This appears to be a paper written by an upper-level undergraduate (based on the writing), describing the importance of technology in 21st century education and describing three cognitive theories, all requiring collaborative learning, The author highlights the importance of student engagement through technology, which students like, and assumes its importance in the workplace. 5/10

    1. Research about adults as learners can inform the design of effective digital learning experiences. Although there is no one principle that can be applied to all adults, the design principles outlined here are based on five of the prevailing theories about how adults learn: andragogy, experiential learning, self-directed learning, transformational learning, and neuroscience.

      This article applies the principles of andragogy, self directed learning, experiential learning, transformational learning, and neuroscience (all of which seem rather similar), to low-skilled adults, who are likely to lack confidence about learning and who may be learning in bits of free time via cell phone. Emphasizes the importance of an instructor or coach, along with good use of technology. 8/10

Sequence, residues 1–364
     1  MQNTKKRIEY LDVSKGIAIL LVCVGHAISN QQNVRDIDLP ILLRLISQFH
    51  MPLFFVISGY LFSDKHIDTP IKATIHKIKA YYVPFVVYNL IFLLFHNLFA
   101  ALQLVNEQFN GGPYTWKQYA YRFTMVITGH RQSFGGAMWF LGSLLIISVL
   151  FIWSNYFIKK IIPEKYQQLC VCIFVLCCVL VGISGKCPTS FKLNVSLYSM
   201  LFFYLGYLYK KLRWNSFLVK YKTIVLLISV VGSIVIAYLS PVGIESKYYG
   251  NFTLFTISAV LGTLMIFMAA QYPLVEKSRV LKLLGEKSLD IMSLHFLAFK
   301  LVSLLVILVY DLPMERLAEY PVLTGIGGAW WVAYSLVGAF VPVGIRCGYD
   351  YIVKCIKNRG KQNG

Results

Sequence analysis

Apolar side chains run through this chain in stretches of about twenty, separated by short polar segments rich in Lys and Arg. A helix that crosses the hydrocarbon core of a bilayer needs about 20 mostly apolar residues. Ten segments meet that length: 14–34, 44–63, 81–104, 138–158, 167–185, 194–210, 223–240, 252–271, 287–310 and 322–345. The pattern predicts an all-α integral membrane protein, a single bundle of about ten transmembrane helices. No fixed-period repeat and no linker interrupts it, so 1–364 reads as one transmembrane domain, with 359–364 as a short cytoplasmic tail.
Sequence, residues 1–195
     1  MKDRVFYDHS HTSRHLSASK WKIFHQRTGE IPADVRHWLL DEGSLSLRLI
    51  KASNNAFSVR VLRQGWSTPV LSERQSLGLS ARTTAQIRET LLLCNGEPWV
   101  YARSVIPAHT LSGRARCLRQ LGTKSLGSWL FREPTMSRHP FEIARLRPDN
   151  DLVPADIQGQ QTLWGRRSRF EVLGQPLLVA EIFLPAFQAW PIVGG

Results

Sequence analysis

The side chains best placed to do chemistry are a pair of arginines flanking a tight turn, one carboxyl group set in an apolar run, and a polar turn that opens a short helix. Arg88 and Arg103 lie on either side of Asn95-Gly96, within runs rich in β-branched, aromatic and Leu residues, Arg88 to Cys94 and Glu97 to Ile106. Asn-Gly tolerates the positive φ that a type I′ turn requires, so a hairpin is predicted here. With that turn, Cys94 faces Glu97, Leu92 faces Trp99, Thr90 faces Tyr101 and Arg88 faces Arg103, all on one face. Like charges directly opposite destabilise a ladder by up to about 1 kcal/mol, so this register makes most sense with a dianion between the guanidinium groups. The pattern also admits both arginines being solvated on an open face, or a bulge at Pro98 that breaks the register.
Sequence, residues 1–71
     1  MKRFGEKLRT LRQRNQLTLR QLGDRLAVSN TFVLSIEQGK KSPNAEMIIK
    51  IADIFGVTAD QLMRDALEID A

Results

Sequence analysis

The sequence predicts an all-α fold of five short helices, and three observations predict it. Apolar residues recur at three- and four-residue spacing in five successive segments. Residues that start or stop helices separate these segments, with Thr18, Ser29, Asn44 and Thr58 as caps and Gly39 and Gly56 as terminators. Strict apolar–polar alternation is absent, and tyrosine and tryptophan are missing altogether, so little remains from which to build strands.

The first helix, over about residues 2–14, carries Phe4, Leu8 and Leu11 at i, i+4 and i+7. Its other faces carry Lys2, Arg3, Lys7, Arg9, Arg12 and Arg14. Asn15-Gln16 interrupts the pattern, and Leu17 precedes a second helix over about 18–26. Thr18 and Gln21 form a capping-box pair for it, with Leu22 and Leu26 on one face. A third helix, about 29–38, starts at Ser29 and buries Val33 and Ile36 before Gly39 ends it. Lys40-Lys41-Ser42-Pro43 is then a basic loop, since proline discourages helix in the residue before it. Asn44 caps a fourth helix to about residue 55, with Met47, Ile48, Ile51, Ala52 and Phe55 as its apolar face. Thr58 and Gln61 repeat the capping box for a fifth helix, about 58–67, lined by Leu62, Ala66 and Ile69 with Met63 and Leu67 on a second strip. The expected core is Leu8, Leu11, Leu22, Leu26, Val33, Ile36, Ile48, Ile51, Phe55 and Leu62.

1. Faculty need to focus on learning theory in the design of instructional technology so that they can create lessons that are not only technology-effective but that are meaningful from the learner’s standpoint.

      Fidishun, a librarian and Penn State's satellite campuses, expands Knowles' 6 assumptions of andragogy, and draws out some of their implications for technology-based instruction for adults. This is short and to the point, but readers would benefit from the writer going into greater details. 7/10

    1. ​Institutions that were primarily online before the pandemic are also doing well. At colleges where more than 90 percent of students took courses solely online pre-pandemic, enrollments are growing for both undergraduate (6.8 percent) and graduate students (7.2 percent).
    1. JVER v29n1 - Analysis of Technology Integration in the Teaching-Learning Process in Selected Career and Technical Education Programs

      This looks at the application of technology in career and technical education programs for adults. It looks at how and how often technology is used in these programs. 8/10, interesting and focused on technical education unlike most articles.

    1. Technology planning: A roadmap to successful technology integration in schools